While the City of St. Petersburg was developing its reputation over the past two decades as a premiere arts destination in the southeast, a budding native-daughter poet was set on filling the literary cultural void. What began as an effort to design and promote reading and writing events blossomed less than a year later into a nonprofit supporting the literary arts through ongoing education and creative events. Keep St. Pete Lit celebrated its seventh anniversary this past August.

Maureen McDole, Keep St. Pete Lit’s founder and executive director, spearheaded the organization’s growth from its inception to the present where it is now regarded as one of Florida’s leading literary arts groups providing low-cost, high-quality writing classes to people of all ages – from elementary school on up to seniors – and all skill levels from beginners to professionals. Presentations, readings, and programs are also on the menu. There is something for everyone. All of the writing instructors have an MFA or doctorate.

One of several WORD! Book Boxes offering free children’s books

A graduate of USF St. Petersburg with a Bachelor of Arts in English Literature, Maureen also has a certificate in Arts & Culture Strategy from the University of Pennsylvania. In 2016, she received the St. Petersburg Art Alliance’s MUSE Award for literary excellence. She is a single parent with a 14-year old daughter. Book & Bottle – a new bookstore, coffee and wine bar in downtown St. Pete – features Maureen’s poetry, including Exploring My Options, published in 2006, and Longing for the Deep End, published in 2011. Her third book of poetry, Feast, is being published by St. Pete Press, and is due out around New Year’s 2021.

Since 2015, St. Pete Lit’s classes have been held at the Morean Arts Center, but in-person events have been cancelled since March due to COVID-19. Fortunately, the organization is “nimble,” said Maureen. Since the group currently doesn’t have a brick-and-mortar building with a mortgage or rent that would come due, and there are multiple revenue streams, it wasn’t necessary to furlough anyone on the staff. “It’s been a blessing,” said Maureen.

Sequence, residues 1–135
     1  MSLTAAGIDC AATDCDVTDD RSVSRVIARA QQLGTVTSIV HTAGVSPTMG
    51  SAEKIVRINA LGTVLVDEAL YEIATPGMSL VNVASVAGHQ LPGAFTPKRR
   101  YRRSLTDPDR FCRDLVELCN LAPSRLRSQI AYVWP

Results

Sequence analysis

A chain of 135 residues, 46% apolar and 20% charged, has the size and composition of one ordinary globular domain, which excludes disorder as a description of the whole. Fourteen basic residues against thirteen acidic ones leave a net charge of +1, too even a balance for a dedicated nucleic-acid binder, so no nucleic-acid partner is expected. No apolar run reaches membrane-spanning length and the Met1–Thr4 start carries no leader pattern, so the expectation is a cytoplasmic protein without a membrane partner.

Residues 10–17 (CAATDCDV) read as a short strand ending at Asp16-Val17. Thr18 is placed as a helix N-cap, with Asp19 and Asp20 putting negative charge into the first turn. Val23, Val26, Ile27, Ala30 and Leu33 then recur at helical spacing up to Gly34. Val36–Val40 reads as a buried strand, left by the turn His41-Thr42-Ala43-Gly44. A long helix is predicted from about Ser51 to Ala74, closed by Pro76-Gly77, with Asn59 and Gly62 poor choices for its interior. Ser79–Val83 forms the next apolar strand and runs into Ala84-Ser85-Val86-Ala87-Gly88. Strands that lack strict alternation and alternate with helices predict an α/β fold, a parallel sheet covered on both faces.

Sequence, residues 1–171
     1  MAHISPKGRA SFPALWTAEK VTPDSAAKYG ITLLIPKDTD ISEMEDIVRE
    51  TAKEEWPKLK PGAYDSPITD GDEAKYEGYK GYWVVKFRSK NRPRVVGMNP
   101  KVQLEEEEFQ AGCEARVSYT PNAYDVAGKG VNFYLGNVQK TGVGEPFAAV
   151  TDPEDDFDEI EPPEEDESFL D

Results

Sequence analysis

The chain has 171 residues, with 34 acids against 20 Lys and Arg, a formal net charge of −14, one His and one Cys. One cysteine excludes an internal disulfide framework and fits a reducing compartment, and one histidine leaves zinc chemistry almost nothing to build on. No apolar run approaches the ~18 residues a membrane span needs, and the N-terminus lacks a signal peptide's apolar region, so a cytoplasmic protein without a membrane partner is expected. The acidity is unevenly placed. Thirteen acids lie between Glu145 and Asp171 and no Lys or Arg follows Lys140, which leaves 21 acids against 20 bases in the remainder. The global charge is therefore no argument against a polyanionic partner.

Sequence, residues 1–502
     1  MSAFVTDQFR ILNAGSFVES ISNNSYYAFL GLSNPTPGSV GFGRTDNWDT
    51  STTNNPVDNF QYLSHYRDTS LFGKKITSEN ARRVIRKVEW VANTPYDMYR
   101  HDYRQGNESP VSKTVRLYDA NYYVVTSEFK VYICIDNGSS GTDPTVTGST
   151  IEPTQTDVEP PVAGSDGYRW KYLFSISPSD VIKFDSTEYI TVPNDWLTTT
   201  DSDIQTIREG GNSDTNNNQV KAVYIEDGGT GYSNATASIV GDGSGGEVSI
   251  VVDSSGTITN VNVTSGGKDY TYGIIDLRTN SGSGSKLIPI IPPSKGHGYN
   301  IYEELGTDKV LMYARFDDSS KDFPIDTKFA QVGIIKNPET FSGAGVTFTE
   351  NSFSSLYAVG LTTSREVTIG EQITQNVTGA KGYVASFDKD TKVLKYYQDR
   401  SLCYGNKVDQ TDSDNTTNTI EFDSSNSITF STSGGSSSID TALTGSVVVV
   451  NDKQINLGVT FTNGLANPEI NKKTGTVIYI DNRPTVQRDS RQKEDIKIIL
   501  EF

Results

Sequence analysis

But, she was forced to consider alternatives. “This definitely is a time to be open to thinking outside the box,” she said. For now, instead of Saturday writing classes at the LitSpace Literary Arts Institute at the Morean, participants can join in virtually through either Live Zoom Classes or Instant Video Classes.

In addition, Writer’s Gym meets virtually on the second Saturday of the month and Poet’s Gym meets on the first Saturday of the month. Both are online meetups where writers can participate in workshops via Zoom. On-demand online classes are available 24/7 and give instant access to instruction in six categories: creative non-fiction, general creativity, fiction, poetry, self-publishing, and children’s classes. Currently there are over 30 original video classes with more available as instructors finish creating them expressly for this project. Recently, Maureen added manuscript critique classes as well as four new videos to the collection, including Strategies for Poets in the Digital Age (instructor Gianmarc Manzione), The Time Machine (instructor Kevin Richard Kaiser), How to Become a Web Content Writer (instructor James McAdams), and Setting the Table for Your Story (instructor Jeannie Carlson).

Architectural rendering of The Factory, courtesy of Behar + Peteranecz Architecture

Other virtual endeavors range from a monthly book club and monthly True Stories, to a weekly Poetry Open Mic – all through The Studio@620.” Additional new projects for St. Pete Lite include a partnership with the WORD! Initiative to install free WORD! Book Boxes for children at Community Health Centers of Pinellas Johnnie Ruth Clarke Center, Thomas “Jet” Jackson Recreation Center, Childs Park Recreation Center, and Jordan Park Apartments. Four more boxes are in the plans.